Saints pay price to keep Euro dream on the road
AS the dust settles on another remarkable European success for St Patrick's Athletic, the players have learned that in part-time football, progress comes at a price.
With the League of Ireland entering a mid-season break, several of Pete Mahon's squad-members had booked holidays.
Instead, they will be preparing for a trip to Ukraine and a showdown with Karpaty Lviv -- a level of opposition a couple of notches above the teams from Iceland and Kazakhstan that the Saints have eliminated in an eventful Europa League campaign.
The holidays will be cancelled and, for those who are trying to balance the commitment of football with day jobs, it presents a serious difficulty.
Take, for example, midfielder Derek Doyle, who works in a warehouse.
Doyle, who is in "the doghouse" with his girlfriend after pulling the plug on a planned trip to Portugal tomorrow, scored the insurance goal in Thursday's elimination of Shakhter Karagandy.
"All my days off are gone now," he admitted. "I'll struggle for a holiday towards the end of the year. But the work has to come first."
Considering the Saints players are no longer earning big money, manager Pete Mahon believes that the club are honour-bound to foot the cost of any cancelled jaunts.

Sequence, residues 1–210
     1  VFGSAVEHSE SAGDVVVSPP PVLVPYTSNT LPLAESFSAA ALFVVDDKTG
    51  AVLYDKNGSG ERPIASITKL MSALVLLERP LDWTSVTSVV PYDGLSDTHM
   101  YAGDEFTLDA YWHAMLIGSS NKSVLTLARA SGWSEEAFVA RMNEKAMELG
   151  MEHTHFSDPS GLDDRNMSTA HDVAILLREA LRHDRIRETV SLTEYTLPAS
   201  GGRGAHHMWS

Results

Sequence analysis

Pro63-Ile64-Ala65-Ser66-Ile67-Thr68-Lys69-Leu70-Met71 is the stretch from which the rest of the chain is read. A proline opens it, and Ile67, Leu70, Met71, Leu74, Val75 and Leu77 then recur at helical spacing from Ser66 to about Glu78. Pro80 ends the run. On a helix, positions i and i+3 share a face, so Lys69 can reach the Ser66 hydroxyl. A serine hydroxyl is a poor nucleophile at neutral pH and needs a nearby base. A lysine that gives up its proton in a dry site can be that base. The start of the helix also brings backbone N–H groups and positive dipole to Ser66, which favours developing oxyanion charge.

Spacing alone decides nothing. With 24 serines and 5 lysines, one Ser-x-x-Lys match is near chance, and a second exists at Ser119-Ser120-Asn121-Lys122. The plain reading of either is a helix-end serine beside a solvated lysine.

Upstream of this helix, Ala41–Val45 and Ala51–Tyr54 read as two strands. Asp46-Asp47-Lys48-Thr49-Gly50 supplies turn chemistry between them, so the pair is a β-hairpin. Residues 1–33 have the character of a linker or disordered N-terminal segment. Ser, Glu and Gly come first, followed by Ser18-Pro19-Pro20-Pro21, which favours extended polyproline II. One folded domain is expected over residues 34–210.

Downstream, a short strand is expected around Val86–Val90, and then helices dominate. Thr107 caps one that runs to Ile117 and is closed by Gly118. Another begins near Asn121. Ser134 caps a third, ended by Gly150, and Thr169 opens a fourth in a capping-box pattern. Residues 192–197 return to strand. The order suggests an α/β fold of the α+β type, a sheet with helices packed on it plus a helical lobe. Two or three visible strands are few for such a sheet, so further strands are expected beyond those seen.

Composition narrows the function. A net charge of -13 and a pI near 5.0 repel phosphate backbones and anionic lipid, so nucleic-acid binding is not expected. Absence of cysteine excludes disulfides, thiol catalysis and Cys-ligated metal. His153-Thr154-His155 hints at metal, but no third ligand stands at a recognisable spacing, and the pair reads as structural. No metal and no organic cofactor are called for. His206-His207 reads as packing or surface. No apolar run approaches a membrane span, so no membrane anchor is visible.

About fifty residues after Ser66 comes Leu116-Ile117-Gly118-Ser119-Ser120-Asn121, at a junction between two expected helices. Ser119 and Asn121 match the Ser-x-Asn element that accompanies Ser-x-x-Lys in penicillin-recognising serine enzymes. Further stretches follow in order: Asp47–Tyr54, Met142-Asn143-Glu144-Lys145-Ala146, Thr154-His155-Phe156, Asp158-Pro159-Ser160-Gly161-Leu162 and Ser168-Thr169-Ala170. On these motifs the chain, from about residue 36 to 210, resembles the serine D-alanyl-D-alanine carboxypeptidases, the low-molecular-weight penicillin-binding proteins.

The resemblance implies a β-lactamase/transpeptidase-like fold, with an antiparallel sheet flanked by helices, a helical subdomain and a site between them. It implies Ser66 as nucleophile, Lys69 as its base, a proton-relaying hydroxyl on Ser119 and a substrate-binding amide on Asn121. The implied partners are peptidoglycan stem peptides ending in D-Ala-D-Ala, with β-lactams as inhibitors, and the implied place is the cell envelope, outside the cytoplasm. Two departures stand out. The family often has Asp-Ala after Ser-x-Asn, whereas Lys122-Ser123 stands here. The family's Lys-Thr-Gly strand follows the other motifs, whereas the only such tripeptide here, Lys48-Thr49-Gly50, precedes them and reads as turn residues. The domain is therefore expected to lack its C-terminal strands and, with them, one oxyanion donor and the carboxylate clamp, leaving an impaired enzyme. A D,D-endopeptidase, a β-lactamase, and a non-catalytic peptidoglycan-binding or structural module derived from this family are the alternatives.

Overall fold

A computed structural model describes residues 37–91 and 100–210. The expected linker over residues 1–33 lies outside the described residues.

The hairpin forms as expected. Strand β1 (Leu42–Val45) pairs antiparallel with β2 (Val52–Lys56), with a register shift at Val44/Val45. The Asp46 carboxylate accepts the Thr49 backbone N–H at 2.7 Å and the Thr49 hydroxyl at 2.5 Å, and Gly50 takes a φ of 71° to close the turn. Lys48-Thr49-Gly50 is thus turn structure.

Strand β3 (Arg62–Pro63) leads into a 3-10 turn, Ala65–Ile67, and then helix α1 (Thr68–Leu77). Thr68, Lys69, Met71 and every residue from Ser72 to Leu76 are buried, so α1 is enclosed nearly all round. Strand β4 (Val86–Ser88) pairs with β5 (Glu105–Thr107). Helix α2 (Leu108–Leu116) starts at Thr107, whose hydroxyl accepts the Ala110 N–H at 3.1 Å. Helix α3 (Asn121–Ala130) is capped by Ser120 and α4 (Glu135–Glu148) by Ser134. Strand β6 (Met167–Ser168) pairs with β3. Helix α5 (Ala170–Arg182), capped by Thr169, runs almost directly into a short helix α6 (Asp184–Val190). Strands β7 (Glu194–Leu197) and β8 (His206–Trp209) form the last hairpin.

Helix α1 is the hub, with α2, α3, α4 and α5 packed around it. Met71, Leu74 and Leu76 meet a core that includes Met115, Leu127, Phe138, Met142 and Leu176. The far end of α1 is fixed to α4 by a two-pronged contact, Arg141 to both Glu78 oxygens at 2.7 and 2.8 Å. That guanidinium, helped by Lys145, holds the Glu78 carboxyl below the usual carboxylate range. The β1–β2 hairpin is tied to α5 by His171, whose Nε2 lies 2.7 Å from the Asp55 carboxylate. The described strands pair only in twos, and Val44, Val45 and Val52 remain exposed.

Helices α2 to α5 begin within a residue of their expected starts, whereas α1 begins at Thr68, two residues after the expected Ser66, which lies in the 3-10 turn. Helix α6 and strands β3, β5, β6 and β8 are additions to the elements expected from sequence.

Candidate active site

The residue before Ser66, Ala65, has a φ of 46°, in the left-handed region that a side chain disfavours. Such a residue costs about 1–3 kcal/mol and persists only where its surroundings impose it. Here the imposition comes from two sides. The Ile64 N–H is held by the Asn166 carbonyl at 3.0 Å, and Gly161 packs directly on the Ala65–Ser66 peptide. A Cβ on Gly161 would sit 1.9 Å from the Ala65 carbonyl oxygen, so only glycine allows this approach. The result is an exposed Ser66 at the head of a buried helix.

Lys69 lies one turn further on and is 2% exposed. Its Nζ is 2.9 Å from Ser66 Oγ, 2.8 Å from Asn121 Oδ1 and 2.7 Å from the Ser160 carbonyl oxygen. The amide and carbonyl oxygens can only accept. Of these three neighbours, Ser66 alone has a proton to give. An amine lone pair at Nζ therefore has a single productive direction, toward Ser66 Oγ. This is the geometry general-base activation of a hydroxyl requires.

"The players are going to have to be reimbursed," said Mahon. "We have a situation where players are being forced to take three or four days off work for the third time and lads' holidays are eaten up.
"They have jobs and -- in this day and age -- I wouldn't ask any player to put his job in jeopardy over a football game."
The European ties are overlapping with the mid-season break because the FAI wanted to leave next weekend free to facilitate preparations for the Dublin Super Cup. That move has caused chaos.
"The FAI should have made a rule at the start of the season that clubs participating in Europe could have their game called off," claimed Mahon, whose team face Sligo Rovers at the Showgrounds tonight.
After a 5,000km trip to Kazakhstan last week, which took its toll on the players, with a bug sweeping through the camp upon their return, the Ukraine journey is less problematic.
Lviv is situated close to the Polish border, so a flight to Krakow and a bus journey from there has been explored. Rzeszow is another option.
Sharing with Sligo -- who also play in the Ukraine on Thursday -- was discussed, but ultimately impractical.
The Bit O'Red had to make their own plans in advance and their opponents, Vorskla Poltava, are based in a completely different part of a vast country.
For Pat's, the incentive is to keep the tie alive against crack opposition, and bring them back to Dublin with their chances of advancing still alive.
Sadly, the return leg will be in Tallaght rather than Inchicore.
The Saints are now unbeaten in 10 European starts in their beloved home, but UEFA regulations mean that Richmond Park is unsuitable for the third round.
"It's disappointing," admitted Mahon.
"Still, if we keep the tie alive, we will get a big crowd up there. You never know in football."
Certainly, anyone involved with the Saints' European adventure has learned never to rule out the unexpected.